Cherry Mobile One G1

When the first Cherry Mobile One was originally launched, it was a decent phone, but a little underpowered compared to others in its price point. So the next iteration of Android One promised more powerful specs, and for the most part, the newly announced Cherry Mobile One G1 does fit the bill. However, the competition has grown as well. Does the One G1 have what it takes to make it in one of the toughest markets to crack? Find out in my hands on review right here.


If there’s one way to describe the Cherry Mobile One G1, it’s to think of it as the Flare X Mini. It shares a similar design, most particularly the matte finish on the back cover. It’s physically smaller because of the smaller 5 inch screen and noticeably lighter than most 5 inch phones I’ve come across. However, the metallic frame along the edges of the device and around the camera module does lend the G1 much more character.


The G1 touts significantly improved specs that should allow it to take on most apps and games you might want to throw at it. I still find the Snapdragon 410 to be a bit lacking, but it’s certainly better than the SoC on its predecessor and supports 64-bit computing.

Another advantage to the G1 is that it comes with 2GB of RAM, allowing you to multitask more smoothly. It also comes with 16GB of storage, which is quite generous at this price point. And if you aren’t satisfied with that, you can expand it further by up to 64GB via microSD.

Finally, the Cherry Mobile One G1 comes with support for 4G connectivity, which is another nice feature to have at this price point. If you’re looking for a device that offers a lot of connectivity options, the G1 doesn’t disappoint.


Let’s face it. The main reason you’re going to get the Cherry Mobile One G1 is because of the software. The device runs Android 5.1 Lollipop out of the box, and is promised timely software updates by none other than Google itself. If Google announces a new version of Android, you can expect the G1 to get updated shortly after Nexus and Google Play devices get theirs.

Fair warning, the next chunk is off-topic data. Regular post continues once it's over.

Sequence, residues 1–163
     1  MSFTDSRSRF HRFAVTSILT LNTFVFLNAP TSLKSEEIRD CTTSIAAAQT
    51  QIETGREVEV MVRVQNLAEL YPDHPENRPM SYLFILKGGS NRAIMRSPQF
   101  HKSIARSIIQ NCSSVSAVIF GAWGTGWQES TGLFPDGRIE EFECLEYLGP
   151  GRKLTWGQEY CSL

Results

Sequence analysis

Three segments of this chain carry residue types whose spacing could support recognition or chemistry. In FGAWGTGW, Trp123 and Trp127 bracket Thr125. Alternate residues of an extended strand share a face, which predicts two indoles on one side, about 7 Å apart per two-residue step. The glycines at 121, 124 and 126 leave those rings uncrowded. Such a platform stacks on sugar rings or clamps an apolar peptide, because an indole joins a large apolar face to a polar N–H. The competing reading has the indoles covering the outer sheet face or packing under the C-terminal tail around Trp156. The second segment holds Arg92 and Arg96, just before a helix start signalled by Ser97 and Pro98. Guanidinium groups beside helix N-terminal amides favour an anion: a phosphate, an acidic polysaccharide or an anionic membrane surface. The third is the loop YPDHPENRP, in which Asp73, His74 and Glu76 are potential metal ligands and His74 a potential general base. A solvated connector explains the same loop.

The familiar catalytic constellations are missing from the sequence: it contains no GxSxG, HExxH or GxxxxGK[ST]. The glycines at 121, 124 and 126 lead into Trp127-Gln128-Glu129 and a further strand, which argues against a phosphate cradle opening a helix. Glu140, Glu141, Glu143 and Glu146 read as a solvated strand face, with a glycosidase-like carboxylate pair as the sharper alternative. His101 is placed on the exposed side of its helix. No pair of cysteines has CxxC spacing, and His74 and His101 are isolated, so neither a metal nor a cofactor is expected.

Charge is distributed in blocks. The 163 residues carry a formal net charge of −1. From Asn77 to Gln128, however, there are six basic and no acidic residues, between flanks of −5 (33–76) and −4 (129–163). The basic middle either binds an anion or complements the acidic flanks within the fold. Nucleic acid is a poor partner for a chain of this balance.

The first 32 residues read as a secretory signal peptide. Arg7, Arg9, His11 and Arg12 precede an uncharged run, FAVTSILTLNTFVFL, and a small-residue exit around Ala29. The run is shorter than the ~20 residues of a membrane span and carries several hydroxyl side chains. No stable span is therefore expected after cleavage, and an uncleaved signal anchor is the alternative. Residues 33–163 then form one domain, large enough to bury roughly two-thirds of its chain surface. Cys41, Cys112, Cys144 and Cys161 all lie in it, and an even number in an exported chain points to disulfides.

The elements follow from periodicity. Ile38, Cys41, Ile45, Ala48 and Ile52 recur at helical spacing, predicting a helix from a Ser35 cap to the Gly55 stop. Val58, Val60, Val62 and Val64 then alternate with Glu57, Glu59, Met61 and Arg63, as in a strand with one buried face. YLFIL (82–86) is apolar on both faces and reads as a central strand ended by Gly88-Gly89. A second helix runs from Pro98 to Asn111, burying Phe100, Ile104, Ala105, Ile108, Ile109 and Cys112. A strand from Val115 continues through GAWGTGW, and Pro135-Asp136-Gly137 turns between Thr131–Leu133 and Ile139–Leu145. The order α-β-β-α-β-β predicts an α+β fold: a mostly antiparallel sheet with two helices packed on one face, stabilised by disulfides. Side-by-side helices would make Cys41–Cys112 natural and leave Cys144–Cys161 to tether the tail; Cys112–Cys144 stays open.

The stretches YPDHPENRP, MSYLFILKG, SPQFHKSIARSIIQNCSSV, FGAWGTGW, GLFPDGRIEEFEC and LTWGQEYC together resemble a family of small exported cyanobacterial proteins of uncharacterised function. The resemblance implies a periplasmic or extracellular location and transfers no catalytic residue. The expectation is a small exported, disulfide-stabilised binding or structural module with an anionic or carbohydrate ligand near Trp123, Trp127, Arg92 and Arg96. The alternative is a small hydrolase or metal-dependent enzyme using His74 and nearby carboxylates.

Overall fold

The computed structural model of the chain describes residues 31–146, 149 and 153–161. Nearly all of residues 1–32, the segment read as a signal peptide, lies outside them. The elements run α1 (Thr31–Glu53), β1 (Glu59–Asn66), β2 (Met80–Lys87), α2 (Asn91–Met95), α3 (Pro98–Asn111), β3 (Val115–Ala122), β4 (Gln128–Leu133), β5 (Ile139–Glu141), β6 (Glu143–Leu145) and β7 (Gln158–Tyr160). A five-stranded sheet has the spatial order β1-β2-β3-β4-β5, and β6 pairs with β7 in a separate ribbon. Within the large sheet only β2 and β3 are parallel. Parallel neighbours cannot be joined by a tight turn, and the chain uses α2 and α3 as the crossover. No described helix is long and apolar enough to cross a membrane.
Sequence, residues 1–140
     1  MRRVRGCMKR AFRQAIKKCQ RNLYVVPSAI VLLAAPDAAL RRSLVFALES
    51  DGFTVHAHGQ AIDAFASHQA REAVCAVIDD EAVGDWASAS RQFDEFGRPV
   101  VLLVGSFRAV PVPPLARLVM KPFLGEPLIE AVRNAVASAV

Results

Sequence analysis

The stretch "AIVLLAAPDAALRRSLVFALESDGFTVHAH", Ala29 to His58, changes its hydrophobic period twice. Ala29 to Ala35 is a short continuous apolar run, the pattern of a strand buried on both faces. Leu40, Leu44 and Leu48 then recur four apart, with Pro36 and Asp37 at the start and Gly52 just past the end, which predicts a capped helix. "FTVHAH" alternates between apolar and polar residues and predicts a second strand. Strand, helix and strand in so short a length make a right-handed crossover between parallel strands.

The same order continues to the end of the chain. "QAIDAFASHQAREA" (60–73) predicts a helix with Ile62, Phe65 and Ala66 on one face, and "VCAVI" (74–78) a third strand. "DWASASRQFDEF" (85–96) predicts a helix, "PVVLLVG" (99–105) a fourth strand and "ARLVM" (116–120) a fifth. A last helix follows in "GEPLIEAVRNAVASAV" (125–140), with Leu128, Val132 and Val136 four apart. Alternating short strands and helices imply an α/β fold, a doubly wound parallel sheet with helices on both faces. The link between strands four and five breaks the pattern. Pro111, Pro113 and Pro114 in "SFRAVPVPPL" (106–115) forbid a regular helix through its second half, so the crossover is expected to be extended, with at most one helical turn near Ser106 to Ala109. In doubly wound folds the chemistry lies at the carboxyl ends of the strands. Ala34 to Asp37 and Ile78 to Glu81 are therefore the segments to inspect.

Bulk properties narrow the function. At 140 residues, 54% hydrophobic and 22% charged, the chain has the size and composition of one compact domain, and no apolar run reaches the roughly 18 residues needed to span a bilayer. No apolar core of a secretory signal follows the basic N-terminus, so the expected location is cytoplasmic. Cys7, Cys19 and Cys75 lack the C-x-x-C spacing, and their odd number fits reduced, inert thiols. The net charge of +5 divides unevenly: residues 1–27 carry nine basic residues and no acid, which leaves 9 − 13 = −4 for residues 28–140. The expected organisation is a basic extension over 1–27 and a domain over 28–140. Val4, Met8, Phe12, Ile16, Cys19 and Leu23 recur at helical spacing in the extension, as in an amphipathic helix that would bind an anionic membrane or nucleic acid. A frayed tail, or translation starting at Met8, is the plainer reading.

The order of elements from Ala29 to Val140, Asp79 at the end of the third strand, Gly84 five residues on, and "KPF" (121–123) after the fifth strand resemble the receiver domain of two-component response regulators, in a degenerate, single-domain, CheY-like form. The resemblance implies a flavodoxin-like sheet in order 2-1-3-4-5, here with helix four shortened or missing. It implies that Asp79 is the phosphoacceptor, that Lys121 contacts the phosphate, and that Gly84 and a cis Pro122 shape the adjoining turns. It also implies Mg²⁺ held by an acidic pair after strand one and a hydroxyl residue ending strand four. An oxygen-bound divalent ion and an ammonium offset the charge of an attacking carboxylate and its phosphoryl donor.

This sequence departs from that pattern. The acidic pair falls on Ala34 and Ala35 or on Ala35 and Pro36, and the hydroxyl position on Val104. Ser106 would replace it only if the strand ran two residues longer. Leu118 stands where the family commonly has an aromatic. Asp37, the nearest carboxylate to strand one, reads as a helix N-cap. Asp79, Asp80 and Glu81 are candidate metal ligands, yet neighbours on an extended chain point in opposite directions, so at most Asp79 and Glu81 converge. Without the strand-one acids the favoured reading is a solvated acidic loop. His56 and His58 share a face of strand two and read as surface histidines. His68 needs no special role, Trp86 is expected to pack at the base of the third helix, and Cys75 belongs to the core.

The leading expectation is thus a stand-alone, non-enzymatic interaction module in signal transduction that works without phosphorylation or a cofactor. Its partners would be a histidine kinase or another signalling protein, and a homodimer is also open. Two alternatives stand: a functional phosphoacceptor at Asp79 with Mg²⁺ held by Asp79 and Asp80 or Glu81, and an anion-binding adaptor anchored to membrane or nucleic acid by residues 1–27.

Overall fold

About Phone

So what is stock Lollipop 5.1 like? Well, it features a clean design and layout, and is a noticeable visual upgrade over Jelly Bean and KitKat devices that preceded it. The biggest benefit though is that you won’t find any bloatware, unless you consider Google’s own extra apps to fall under that criteria. You’ll also have to install your own file manager, among other things since stock Lollipop 5.1 doesn’t come with one.


Given today’s preference for smartphones with larger screens, the Cherry Mobile One G1 already compares well with other phones in its price point. Add to that the significantly improved SoC, RAM and storage, not to mention 4G/LTE support, the Php5,999 G1 is already quite an attractive buy.



However, the competition at this price point is quite fierce. Whereas Cherry Mobile used to have no problem underpricing other brands significantly, a few other brave brands breathing down their necks. And it certainly doesn’t help that the Flare X is only Php1k more.

Side by Side

Still, the Cherry Mobile One G1 has one thing up its sleeve that only other Android One phones can match, timely updates from Google itself. And if you get it within the first 2 weeks from when it starts rolling out to stores, you’ll even get it with a free tempered glass screen protector and Pyxis Clicker bluetooth shutter button. Interested? Then you’ll have a short 2 week wait until the G1 becomes available.

Cherry Mobile One G1 Specs

  • 5″ HD IPS display (720 x 1280 resolution, 294ppi)
  • 64-bit 1.2GHz Qualcomm Snapdragon 410 quad core processor
  • Adreno 306 GPU
  • Android 5.1 Lollipop
  • 2GB RAM
  • 16GB internal storage, expandable up to 64GB via microSD
  • 13mp BSI autofocus rear-facing camera with LED flash
  • 5mp BSI front camera
  • 4G/LTE
  • WiFi
  • Bluetooth
  • GPS with A-GPS
  • 2,500mAh battery
  • Price: Php5,999

About the Author

JM Balicano

Back when I started MobileTechPinoy in 2012, phablets weren't a thing yet. I enjoyed the stares I got from iPhone owners whenever I whipped out my Samsung Galaxy Note at the time. I'm much more budget-conscious these days though and am perfectly fine with using phones from any of our locally brands.

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